What was it like to travel in those days, for a black performer traveling around the United States? I mean, what were the restrictions? I mean, did you--were you ever booked to travel the South (simultaneous)?$$(Simultaneous) It was okay if you weren't in the South, very strict--oh, yes, we--$$(Simultaneous) Well, what happened?$$The guys, well, like when we [the Dyerettes] did this one tour that we did, the guys would have us, when we would stop at a place to eat, we would get out and get the food for the guys so that there would be no hassle, 'cause they could see. And they could see that you're coming from the North. They'd figure that, so many times, that the people coming from the North are troublemakers, you know. And so, consequently, we would go in, you know, and get the food. And it's a funny thing; human nature is so funny. I'd always go to--go up, and I'd say, "Where is your back door?" And that always threw 'em off. And I'd say, "Don't we have to go in the back door?" And they'd look, "What do you want?" "Well, we're trying to get some food." "Who are with?" "Well, we've been with [Count] Basie. We've been with all kinds of, you know, acts." Four Tops we did a lot with them. We had a lot fun, though, when we were traveling with the Four Tops, 'cause they, we're all the same age, you know. And we had met them here in Chicago [Illinois], so we had fun with them. And then we had just a--forgive me fellows--but not a unknown band but not a, with a leader that you would, you know, know, just some musicians. And that was a lot of fun. But there and again, we would do the--we would get off and do for the food and so forth. And then we would have to make sure, more than making sure, we'd have to usually stay in a rooming house, because we didn't even stay in hotels. We would stay in rooming houses, people who had their homes open for entertainers. And they probably made a nice dollar, you know. And boy, you'll get those good home cooked meals, so I had no complaints, you know. But, it was an experience. In Georgia, we had some experiences there. I think we went downtown, and oh, it was blazing hot, and we had on shorts. And they said, "Colored girls don't wear shorts downtown." And we said--$$Colored girls don't wear shorts downtown?$$"Colored girls don't wear shorts downtown," and we said, "What?" And we said, "Well, those--" "Well, no," he said, "You can't wear shorts. Don't you girls know?" And we said, "Well, look at those girls." Then he said, "Colored girls." It was a policeman. "Colored girls can't wear shorts."$$Well, did he ever explain why colored girls couldn't wear--$$"I don't make the rules. " That's what we all, we'd always say, "Why?" "I don't make the rules;" you know, "I don't make the rules." So, that was quite an experience or the first experience. We had heard about it but to experience having to go to find the black water fountain, and the black water fountain is here, and the white water fountain is there. And you splashing water on each other, only but you're drinking out of here. And that was, you know, it just seemed ridiculous, you know, and yet, their kids are playing together, and they're living in--it was, it was weird. It was just really, really, really, really weird, that I couldn't understand. And I--and yet, in the back of mind, I didn't want to be accused of being a troublemaker, you know, 'cause you could make trouble for--I said, these people have, they have--they're adjusted to this, you know--got on an empty bus. Well, it was almost empty. And I was wondering why all, all of the--then, 'cause they weren't using the word black--all of the colored were all back, and I was saying--so I flopped down. When I got on, and I flopped, and the driver looked. And he didn't say--he says, "Where are you gals from?" And we said, "Chicago." And he, so he said, "I'm sorry, but you have to go to the back." And I said, "But all these seats are empty." He said, "I don't make the rules." I was always--that was always the thing: "I don't make the rules." But we had to go to the back, and it was all these empty seats. But we were not allowed to sit down. We had to go to the back of the bus. And you know, you've heard about 'em, but you didn't really realize how stupid it's in until--now why do we have to leave all of those empty seats, you know? Or you go, went in a shoe store, and you couldn't try on the shoe, but you could buy them. And I said, "But supposing they don't fit, are you gonna take 'em back?" "No, you're supposed to know your size." "I'll get some shoes when I get home," you know. To me those things were just so, even in a segregated era, that just seems so way out.$What have been some of the highlights of the [Sammy Dyer] School [of the Theatre, Chicago, Illinois], you know?$$Yeah, one of my favorite students is Ted [Louis] Levy. And I don't know if you're familiar with Ted or not. Ted Levy, he's--$$Well, tell everybody 'cause I'm not the only one who's--$$Ted Levy--I'm sorry--who has now been on Broadway in 'Black and Blue,' he works a lot with Savion Glover. He travels; he goes to Europe and so forth doing workshops. Ted came up through the school, and he's one of those--I think, I was talking earlier in the day before we started the interview about all students don't start at, like, as a little child. Some start at an older age and really become quite good performers and professionals and so forth. I think Ted was about thirteen or fourteen, I believe, when he came to our school, but he was just a natural. Some of, some people are just gifted, you know. He needed to have his talents; he needed them to be developed, but it was there. And he was a joy to teach. I've never liked teaching a private lesson, never, ever, except with Ted, because he was one of those rare students that whatever you gave him, I don't care how difficult you tried to make the step, he was going to get it. So he was actually a challenge to the teacher, you know. He was a beautiful personality. All the kids, starting from when he was very young, they all were crazy about him. When I felt that I had given him all that, well, that both Shirley [Hall Bass] and I, that we had given him all that we could give him, I contacted Finis Henderson. And I had mentioned him earlier as being a fantastic black dancer. And I asked, and he was certainly had been retired for quite a while, and I asked if he would come over and look at Teddy. And he said, "I'm not coming out of retirement," and he says "I, you know, I don't want--" I said, "Just do me a favor. Come over and see this young man, and I think you'll change your mind." And we were getting ready for one of our shows, one of our annual shows. And so he came over, and he saw Teddy dancing, immediate, just immediate admiration. And then he worked with Teddy for another, a number of years, and he became Teddy's second mentor. Shirley and I were the first, but by far, Finis Henderson came in and put on the finishing touches, you know. Because we felt it would be so selfish to hold him back. You know, you can tell when you've given a person all that you can give them; then, it's just repetitious. But he was a person that you knew could grow, and we wanted him to grow. And we felt that he would have been dedicated enough to stay with us, you know, as long as we needed him, not allowing himself to grow. So this way it just, in turn, he was so appreciative of what we had done, by putting him with Finis and not taking him away from the school but just under his, you know, tutelage, that he became more dedicated, you know, to us.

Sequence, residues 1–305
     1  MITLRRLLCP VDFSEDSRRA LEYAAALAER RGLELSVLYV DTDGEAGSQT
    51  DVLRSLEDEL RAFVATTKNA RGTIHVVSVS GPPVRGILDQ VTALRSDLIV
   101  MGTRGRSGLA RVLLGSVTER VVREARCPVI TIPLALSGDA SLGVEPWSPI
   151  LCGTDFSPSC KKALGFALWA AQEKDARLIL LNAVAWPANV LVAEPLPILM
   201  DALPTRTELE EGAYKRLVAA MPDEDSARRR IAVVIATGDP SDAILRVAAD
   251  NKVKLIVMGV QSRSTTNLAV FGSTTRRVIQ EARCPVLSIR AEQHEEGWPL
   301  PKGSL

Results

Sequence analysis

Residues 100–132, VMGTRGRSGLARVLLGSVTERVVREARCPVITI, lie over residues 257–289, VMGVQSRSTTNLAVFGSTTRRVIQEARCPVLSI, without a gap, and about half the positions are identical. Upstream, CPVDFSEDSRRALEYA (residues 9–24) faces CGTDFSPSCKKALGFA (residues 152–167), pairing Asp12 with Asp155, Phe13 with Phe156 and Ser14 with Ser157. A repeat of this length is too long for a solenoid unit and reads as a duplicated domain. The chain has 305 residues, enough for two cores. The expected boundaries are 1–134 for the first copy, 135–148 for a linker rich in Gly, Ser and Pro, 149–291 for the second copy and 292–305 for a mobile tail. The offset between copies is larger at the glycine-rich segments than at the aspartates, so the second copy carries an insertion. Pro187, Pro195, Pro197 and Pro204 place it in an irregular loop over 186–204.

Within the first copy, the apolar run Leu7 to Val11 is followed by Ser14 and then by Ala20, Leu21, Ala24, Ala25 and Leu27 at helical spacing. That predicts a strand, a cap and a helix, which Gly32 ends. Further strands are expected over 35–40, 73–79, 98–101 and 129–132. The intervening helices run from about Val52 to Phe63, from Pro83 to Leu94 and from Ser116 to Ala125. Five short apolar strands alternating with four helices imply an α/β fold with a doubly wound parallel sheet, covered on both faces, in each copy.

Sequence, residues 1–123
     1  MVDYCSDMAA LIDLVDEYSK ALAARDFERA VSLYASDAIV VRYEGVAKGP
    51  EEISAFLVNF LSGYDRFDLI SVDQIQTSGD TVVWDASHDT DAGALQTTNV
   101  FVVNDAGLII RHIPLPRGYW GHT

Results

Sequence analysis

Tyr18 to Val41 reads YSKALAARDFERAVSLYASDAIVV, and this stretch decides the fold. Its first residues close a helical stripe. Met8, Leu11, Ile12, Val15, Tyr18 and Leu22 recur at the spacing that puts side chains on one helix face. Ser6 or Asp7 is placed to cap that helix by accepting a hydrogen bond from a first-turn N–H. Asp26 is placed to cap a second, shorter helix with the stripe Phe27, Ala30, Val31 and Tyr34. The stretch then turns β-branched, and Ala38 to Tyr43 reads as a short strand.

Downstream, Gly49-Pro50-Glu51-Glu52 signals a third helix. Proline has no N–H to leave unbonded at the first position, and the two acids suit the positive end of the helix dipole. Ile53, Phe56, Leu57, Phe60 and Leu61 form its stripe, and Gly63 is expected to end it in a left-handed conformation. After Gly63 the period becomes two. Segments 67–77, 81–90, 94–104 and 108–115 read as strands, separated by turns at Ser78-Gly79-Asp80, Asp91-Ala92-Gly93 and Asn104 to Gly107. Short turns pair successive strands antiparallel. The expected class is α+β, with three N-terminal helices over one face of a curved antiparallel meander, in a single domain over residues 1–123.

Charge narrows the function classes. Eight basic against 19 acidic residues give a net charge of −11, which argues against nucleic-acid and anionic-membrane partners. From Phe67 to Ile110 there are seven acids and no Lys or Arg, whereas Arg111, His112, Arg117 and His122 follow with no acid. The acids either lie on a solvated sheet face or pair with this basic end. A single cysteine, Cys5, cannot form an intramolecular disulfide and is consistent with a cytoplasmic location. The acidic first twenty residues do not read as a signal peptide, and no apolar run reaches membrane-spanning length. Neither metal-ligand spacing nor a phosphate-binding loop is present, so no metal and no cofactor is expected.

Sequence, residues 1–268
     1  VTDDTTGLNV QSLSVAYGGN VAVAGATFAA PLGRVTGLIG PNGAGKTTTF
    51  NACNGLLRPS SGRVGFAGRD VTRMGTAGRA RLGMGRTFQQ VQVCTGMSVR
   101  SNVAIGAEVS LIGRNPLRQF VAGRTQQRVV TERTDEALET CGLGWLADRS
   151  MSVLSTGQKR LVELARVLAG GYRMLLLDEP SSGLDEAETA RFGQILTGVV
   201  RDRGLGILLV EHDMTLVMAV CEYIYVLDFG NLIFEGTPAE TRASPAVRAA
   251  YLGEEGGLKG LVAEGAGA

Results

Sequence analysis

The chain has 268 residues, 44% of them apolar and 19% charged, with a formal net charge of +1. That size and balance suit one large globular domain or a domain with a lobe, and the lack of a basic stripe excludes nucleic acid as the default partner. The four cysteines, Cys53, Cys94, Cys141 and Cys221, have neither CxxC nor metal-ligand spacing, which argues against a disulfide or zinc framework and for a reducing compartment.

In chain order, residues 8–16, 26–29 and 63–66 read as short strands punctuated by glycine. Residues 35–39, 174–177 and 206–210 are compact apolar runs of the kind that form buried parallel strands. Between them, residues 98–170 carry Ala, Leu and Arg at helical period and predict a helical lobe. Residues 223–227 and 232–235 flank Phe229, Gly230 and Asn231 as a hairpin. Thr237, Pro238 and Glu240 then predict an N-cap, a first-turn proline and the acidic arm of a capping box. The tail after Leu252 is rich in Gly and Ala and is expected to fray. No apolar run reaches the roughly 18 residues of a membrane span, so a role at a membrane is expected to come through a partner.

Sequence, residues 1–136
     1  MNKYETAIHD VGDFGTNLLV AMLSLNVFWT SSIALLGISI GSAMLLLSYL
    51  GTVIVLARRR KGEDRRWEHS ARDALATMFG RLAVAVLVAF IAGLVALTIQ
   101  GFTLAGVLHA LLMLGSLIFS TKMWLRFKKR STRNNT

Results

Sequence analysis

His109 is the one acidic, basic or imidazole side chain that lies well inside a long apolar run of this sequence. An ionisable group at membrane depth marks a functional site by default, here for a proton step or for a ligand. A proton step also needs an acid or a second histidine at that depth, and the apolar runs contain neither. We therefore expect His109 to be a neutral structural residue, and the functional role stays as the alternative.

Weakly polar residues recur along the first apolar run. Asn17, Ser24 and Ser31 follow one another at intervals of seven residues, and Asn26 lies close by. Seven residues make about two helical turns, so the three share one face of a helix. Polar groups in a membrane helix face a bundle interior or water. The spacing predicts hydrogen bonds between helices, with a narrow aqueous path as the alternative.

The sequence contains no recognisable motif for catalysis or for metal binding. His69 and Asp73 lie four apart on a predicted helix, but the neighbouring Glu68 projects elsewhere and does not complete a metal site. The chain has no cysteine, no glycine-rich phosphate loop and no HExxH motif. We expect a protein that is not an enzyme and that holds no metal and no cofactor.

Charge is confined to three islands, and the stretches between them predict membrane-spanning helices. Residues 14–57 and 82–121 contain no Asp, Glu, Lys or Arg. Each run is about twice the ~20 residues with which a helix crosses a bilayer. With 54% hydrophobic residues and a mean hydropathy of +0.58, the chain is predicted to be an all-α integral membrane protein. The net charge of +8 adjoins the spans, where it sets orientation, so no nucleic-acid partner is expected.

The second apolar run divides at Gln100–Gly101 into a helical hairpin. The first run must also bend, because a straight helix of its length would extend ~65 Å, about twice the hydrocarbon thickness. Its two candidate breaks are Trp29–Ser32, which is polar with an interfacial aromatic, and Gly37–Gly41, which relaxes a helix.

Joel Hall